Have the holidays left you juggling your finances, scrambling to get out of debt or back on budget? Well, fear not, for the combination of the sub-prime fallout and bank competition has been bad news for bank investors but may be good news for you. Financial institutions are currently offering attractive high-yield savings accounts and low interest rate credit cards to attract more customers and accumulate more of their money. This creates a golden opportunity to reduce the cost of your debt right now, and buys you time to pay down your debt. Now could be a good time to start personal expenses tracking:
- Transfer any Balances to a Lower Interest Credit Card. Market conditions mean that there are a slew of 0% interest rate credit cards available today. Many cards offer this “teaser” rate for up to 12 months, with no annual fee to worry about. While this does not reduce your overall debt, it does save you from accruing costly interest for the next year, buying you time to pay down your debt. It also has the advantage of consolidating your debt, giving you a single statement to manage. Here are two options to consider:
- Negotiate a Lower Interest Rate with your Current Lender(s). Ask for a lower interest rate or the best “new customer” deal from your current card providers. Competition for your debt is fierce, and the cost to the bank of losing you is usually more than the expense of reducing your interest rate. For more guidance on the best negotiation tactics, read Three Ways to Ask for More Money.
- Consider (carefully) leveraging your Home Equity. If you have equity in your home, you might consider using a home equity loan to pay off your credit cards. This is not for everyone. But given the typically lower interest rates offered on these loans, it might be a smart option to reduce your interest costs. Tread carefully here, however, and consult a pro before taking this step.
Once you’ve reduced the cost of your debt to a minimum level, you have to focus on reducing that debt burden. Mint suggests a four step approach:
- Decide which Debt to Pay Down First. In the ideal world, you ought to pay down the debt with the highest interest rate (a nod to compound interest) first, regardless of balance. But the Snowball Method, popularized by Dave Ramsey, says the opposite and encourages you to payoff lower balances first. Psychologically, this approach makes it easier for you to get some quick wins and possibly gain the motivation to continue paying off the rest of your debt. If you’re feeling overwhelmed, the Snowball Method might be right for you.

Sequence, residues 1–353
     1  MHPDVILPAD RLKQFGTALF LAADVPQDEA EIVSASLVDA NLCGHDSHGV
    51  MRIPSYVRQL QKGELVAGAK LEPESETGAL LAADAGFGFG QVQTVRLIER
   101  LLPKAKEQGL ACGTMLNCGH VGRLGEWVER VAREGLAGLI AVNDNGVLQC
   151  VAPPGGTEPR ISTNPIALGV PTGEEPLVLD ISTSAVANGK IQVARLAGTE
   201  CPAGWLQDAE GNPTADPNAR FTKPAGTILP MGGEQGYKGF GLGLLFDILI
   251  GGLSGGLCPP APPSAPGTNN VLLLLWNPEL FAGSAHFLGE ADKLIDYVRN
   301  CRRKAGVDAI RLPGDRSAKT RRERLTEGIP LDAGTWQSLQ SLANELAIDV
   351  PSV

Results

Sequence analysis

- Set up Automatic Payments. This is a great way to ensure that you consistently pay down debt first, with the remaining money representing your new budget for your day-to-day expenses.
- Yes, Tighten your Belt. It may sound simple, but until you’re out of debt you should be reducing or eliminating dinners out, travel or even that new gadget you’ve been eyeing. Think of the interest you’re paying now as a recurring expense that increases the overall cost of everything you’re buying. You’ll only be making it worse by continuing to spend more than you earn.
- Get Better Organized in 2008. Understanding where your money is actually going is perhaps the most important first step to reducing your debt, preceding all the others. We designed Mint.com with the needs of the person striving to reduce or eliminate debt in mind. That’s why we made it easy for you to:
- See every transaction across your multiple accounts in one central place
- Set up budgets for the couple of categories you’ll want to watch most closely to get back on track
- And set up email or text alerts to let you know if your spending is exceeding those targets
- Find ways to save on bank interest and fees, as well as typical monthly bills.
- Use personal money management software like Mint to help track your spending.
And lastly: stay calm and keep your sense of humor. You are not alone in feeling under water. If you need any reassurance, please check out our Holiday Spending Hangover Contest (in preview now until its 1/31 launch). You’ll probably find that the stories submitted there sound familiar to you. Submit your own story and, who knows, you might win $5,000 yourself! That could represent a big step out of debt in 2008.
Is there a debt reduction idea we’ve missed? Please comment to let us know.